After parking the vans we began walking at around 2pm, with a short day to a nearby lake planned. The map below shows the route we took. We would be taking it in turns as pairs to guide the rest of the group throughout the trip. Me and Johannes guided on the first day. It wasn’t without it problems, and we overshot the lake we were meant to camp at, having to turn around and camp on the opposite side of the shore. We arrived at dusk and everyone went about setting up camp in their pairs. This involves finding a suitable camping spot, erecting your tents, collecting firewood, making a fire and then cooking dinner.
My camping partner, Johannes, happened to wake up in the night, luckily so, as he noticed my sleeping bag was poking out of the tent, covered in snow! Not ideal. I brushed it off, tucked them back into the shelter and fell back asleep, waking in the morning to a blanket of snow all around. The shelters were sagging under the weight – with not much room for kit or to sleep underneath.
It was a cold wet start, and after the snow there was an icy rain all day. A shock for everyone, but a great introduction to why you need to be prepared for all eventualities. We were soaked through, and it was certainly a wake up call. Lunch time was a welcome break and we all gathered round a big fire to warm our icy fingers and eat. Despite the weather, spirits were high and several of us were singing Molly Malones in terrible Irish accents as we walked. The second night setting up camp was already smoother. Things were starting to click and camp was set up quickly, fire wood chopped, fire made, food prepared and even some time to lie down and warm your feet and attempt to dry clothes before the usual nightly group meeting.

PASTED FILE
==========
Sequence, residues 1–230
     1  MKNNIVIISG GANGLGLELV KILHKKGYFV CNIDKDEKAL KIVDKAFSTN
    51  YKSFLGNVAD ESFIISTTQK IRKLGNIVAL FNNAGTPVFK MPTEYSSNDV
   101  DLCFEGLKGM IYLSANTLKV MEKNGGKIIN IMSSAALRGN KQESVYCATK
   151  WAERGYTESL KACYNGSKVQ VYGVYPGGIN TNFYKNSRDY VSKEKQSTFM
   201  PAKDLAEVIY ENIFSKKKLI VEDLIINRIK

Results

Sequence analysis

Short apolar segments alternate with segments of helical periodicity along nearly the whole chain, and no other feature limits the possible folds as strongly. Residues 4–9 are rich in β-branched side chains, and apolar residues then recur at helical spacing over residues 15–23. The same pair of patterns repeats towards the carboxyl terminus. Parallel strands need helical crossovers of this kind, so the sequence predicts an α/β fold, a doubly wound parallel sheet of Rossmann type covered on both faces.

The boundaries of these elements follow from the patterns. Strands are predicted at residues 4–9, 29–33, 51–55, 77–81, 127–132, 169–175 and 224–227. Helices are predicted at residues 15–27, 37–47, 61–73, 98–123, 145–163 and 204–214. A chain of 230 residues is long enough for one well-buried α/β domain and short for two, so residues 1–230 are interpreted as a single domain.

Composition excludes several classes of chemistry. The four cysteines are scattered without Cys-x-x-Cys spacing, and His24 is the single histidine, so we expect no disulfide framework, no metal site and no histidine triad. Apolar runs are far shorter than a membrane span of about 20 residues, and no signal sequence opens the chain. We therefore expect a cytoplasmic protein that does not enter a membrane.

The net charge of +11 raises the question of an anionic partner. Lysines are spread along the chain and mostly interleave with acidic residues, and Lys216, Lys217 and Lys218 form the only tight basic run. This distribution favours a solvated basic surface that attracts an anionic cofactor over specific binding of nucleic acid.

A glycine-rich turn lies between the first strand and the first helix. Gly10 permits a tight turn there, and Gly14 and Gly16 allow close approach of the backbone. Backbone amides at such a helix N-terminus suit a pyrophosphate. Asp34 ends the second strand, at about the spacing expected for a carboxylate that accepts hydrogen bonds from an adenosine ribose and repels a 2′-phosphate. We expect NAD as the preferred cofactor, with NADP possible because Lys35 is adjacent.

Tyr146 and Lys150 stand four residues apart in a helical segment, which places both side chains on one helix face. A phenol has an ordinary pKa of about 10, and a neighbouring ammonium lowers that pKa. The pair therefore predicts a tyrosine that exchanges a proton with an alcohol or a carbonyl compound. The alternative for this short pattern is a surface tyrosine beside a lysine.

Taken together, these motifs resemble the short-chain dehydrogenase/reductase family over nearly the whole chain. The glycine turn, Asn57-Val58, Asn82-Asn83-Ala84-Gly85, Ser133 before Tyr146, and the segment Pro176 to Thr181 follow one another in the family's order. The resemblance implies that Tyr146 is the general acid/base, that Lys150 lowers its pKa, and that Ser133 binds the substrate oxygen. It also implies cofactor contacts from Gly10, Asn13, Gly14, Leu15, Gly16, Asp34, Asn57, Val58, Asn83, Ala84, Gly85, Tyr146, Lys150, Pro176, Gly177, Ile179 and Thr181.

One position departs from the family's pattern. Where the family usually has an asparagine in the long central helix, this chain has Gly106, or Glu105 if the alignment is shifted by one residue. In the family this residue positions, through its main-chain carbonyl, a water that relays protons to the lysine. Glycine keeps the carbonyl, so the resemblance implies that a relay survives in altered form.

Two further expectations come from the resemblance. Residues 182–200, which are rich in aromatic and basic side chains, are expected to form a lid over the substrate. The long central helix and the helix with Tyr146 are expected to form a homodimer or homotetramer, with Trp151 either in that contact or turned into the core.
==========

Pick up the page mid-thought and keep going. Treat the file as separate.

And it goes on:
The next day me and Johannes had an interesting morning encounter. We were walking to meet the others at the main fire and happened to stumble upon one of our colleagues (who I shall leave nameless) going for a morning dump. Instead of being shocked, he looked over with a smile on his face, shouted good morning and gave us a cheery wave, carrying on with his business nonchalantly. Nervously smiling back, we didn’t know where to look.